Priya's Versatile Recipes

Sunday, September 21, 2014

Paneer,Horsegram Vermicelli Pulao/Kollu Sevai Paneer Pulav

You may wonder where i got this horsegram vermicelli aka sevai, am still unpacking my bagages which i carried all the way from India. Eventhough i started cooking with few of the healthy organic grains which i packed carefully, there were still few more packets to get cooked. One among those healthy stuffs is this kollu sevai aka horsegram vermicelli.Kollu sevai /Horsegram sevai was gifted to me by one of best buddy who is very close to my heart when i met her during my last visit in India.Instead of making a simple dish with this beautiful sevai, i planned to cook as a kids friendly dish as we love vermicelli very much as anything in anything. My family can have vermicelli from breakfast to dinner without any fuss. Obviously i dont forget to make vermicelli based dishes once a week without any fail.After many discussions with my kids, finally i ended with a delicious one pot meal aka pulao with this beautiful healthy sevai.




Saturday, September 20, 2014

Ibiharage/Rwandan Fried Beans ~~ Rwandan Cuisine

After 'Q',come on lets go to Central africa, exactly to Rwanda. Since am running a month of blogging marathon with Around the world in 30days as theme with alphabets,i picked Rwandan cuisine for the alphabet 'R'.Rwandan food tends to be simple, made with locally-grown ingredients.Lunch and dinner may consist of boiled beans, bananas, sweet potatoes or cassava. Umutsima (a dish of cassava and corn), isombe (cassava leaves with Eggplant and spinach) and mizuzu (fried plantains) are common dishes. Porridge is the traditional breakfast and meat is seldom eaten outside the cities due to its expense. Though stews are often flavoured with dried fish and meat, as is common in much of Africa. Flaked and dried fish is sometimes cooked with Chicken, yam, onions, various spices and water to prepare a flavored stew.The Rwandan diet is fairly starch-heavy. At a local restaurant you will find an array of starches - rice, crepes, cassava, sweet potatoes, chips (as in fried potatoes) and matooke (starchy bananas).If you're not meat lovers, you'll probably end up eating mostly starches, which are more than likely fried. Dinner is the heaviest meal. Between meals, Rwandans often snack on fruits. Tropical fruits such as avocados, bananas, mangos and papaya are abundant in Rwanda. Roadside vendors in urban areas sell roasted corn and barbecued meat. In all of Rwanda, women are the ones who take care of cooking and they mainly stick to preparing beer, bananas and other simple to make dishes. Cooking is done in multiple ways such as roasting, baking, boiling, mashing, and spicing. cassava plants are mostly consumed as cooked greens. The most traditional meats that are still consumed in some parts of Rwanda are those hunted in the forests. Another interesting specific cooking method involves "Isombe", which are the green leaves from the manioc plant. The leaves get finely mashed and look a bit like spinach while the roots of the plant are used to make flour-like ingredients.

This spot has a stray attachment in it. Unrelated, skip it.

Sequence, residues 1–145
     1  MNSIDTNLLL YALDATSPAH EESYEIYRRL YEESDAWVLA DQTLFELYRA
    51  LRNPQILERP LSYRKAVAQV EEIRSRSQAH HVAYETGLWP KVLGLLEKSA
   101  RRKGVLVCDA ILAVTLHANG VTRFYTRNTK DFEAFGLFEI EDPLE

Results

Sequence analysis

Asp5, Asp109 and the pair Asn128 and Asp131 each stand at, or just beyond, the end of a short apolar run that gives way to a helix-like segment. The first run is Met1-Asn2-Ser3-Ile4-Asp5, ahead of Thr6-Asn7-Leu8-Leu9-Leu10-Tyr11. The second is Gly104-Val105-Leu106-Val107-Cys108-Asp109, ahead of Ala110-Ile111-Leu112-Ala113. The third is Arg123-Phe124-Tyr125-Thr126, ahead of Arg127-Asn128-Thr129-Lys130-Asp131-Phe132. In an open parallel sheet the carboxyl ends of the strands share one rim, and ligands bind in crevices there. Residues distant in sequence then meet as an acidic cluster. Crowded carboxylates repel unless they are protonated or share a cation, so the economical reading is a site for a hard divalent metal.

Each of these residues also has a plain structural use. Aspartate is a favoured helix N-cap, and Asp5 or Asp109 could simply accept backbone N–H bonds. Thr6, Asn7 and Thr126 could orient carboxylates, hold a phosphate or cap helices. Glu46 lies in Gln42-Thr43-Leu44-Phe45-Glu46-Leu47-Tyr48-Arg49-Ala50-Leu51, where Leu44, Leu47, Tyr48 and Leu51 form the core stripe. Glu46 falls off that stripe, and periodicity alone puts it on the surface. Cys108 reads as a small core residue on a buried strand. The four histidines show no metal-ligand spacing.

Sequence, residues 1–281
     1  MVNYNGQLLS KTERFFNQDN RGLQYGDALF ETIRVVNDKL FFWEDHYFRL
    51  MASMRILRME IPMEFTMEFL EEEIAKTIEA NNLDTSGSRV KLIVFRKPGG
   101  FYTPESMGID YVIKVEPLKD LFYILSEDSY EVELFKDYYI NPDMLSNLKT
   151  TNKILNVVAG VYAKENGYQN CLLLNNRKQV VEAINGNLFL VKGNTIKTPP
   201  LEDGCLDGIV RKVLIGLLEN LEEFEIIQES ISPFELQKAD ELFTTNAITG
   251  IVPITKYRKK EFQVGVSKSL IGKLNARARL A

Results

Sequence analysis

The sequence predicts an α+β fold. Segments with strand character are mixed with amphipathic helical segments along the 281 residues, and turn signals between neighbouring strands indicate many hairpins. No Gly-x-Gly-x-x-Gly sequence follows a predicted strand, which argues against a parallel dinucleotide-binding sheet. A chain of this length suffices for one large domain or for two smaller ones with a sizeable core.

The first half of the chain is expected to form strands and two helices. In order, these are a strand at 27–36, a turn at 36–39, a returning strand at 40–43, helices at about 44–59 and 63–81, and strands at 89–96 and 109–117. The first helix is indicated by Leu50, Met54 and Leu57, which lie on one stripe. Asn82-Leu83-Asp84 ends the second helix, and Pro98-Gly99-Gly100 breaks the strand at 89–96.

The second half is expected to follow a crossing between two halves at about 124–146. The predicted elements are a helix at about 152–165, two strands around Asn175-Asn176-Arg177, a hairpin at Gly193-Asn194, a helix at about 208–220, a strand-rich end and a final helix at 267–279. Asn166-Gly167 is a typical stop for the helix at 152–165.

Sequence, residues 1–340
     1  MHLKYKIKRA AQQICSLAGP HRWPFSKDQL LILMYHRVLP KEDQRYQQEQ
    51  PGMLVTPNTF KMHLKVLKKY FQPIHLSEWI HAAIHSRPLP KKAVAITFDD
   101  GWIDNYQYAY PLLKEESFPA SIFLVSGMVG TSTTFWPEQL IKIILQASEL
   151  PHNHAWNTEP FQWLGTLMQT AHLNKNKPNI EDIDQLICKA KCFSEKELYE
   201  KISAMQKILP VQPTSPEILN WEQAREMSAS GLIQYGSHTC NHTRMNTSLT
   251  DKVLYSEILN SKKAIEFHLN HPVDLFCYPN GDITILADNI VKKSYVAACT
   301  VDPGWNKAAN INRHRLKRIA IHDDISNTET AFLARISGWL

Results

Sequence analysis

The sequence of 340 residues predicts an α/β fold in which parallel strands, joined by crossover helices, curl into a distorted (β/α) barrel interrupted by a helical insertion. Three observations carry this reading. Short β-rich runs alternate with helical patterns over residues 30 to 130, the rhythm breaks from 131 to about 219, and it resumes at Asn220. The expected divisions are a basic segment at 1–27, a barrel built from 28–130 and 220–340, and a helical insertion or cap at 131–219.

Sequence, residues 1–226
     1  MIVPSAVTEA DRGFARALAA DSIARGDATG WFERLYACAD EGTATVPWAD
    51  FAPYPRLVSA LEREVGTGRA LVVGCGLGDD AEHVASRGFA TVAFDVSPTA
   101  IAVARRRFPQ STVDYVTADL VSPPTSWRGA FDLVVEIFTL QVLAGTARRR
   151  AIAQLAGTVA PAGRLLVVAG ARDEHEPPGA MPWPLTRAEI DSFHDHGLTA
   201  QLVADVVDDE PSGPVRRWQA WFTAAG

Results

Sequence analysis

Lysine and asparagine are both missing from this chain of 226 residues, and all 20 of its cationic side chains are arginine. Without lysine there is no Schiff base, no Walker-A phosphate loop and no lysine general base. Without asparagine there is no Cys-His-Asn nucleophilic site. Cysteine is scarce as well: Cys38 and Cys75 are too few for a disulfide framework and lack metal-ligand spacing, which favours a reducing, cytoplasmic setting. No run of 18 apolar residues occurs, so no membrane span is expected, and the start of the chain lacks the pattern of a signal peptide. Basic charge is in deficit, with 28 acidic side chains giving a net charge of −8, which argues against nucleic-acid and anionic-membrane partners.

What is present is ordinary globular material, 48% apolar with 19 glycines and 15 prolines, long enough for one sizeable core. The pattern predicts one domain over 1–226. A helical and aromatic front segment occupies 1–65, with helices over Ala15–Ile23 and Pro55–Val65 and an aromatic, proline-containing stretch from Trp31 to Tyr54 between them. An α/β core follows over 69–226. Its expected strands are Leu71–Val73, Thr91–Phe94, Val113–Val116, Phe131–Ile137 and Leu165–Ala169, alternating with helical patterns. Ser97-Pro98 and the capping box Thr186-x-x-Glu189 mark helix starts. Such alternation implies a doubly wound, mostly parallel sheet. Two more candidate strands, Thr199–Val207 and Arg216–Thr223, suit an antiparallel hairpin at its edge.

Rwandan beans, Fried Beans in Rwandan style, Ibiharage


Friday, September 19, 2014

Drumstick Leaves, Brown Rice & Dal Bhath

We are having a nasty hot weather, i dont felt like cooking for hours in kitchen as the climate is super humid.I cant live without my pressure cookers,they makes really our lives easier and anything cooked with them goes hardly for less time when compared with the dishes cooked in pans or in kadais.Obviously i opted for a hearty and healthy one pot meal with mixed dals,brown rice and drumstick leaves for our yesterday's lunch. This dish will definitely goes for quick cooking and you can enjoy this food anytime of the day served simply with papads, potato chips or else pickles.I used organic Brown sona masoori rice with toor dal,masoor dal and moong dal along with fresh drumstick leaves. You can also add veggies in this healthy food or else any other greens as you prefer.

Drumstick Leaves,Brown Rice & Dal Bhath, Brown rice Dal Baath

Motabel/Qatari Eggplant Dip ~~ Qatari Cuisine

Q, this alphabetical letter dont have many options when its comes to a country's name. For this month's long blogging marathon, we marathoners are running Around the world in 30days as theme starting with alphabets. After the alphabet 'P', today we are landing to Qatar, this country and its cuisine is not that much familiar for me,i just travelled twice in Qatar airways  and have seen their airport. Apart from it, this Country is quite unknown for me,but for my surprise their foods are very much known as the most important influence on Qatar's food came with the arrival of other Arab people as Levantine (also known as Lebanese) cuisine arrived. This brought hummus, tabbouleh, and spices that are now common in Qatar and throughout much of the Middle East.The region also changed its food due to the influence from others who came and went with the trade moving to and from the Persian Gulf. The Persians, Indians, and even the Europeans arrived with new ingredients and ideas that changed the cuisine. This led to the greater prevalence of rice in the dishes and again new spices and ingredients arrived in greater numbers.

In the modern age foods from abroad have been introduced to Qatar, but none have truly changed the traditional foods. Most traditional dishes remain the same, but ethnic foods are now more common and available, including Chinese, Indian, Filipino, Italian, and American foods. These foods are growing in popularity partially due to the fact that people from these countries live and work in Qatar and partially due to the fact that the locals also enjoy these foreign foods on occasion.

Motabel,Qatari Eggplant Dip,Vegan Eggplant dip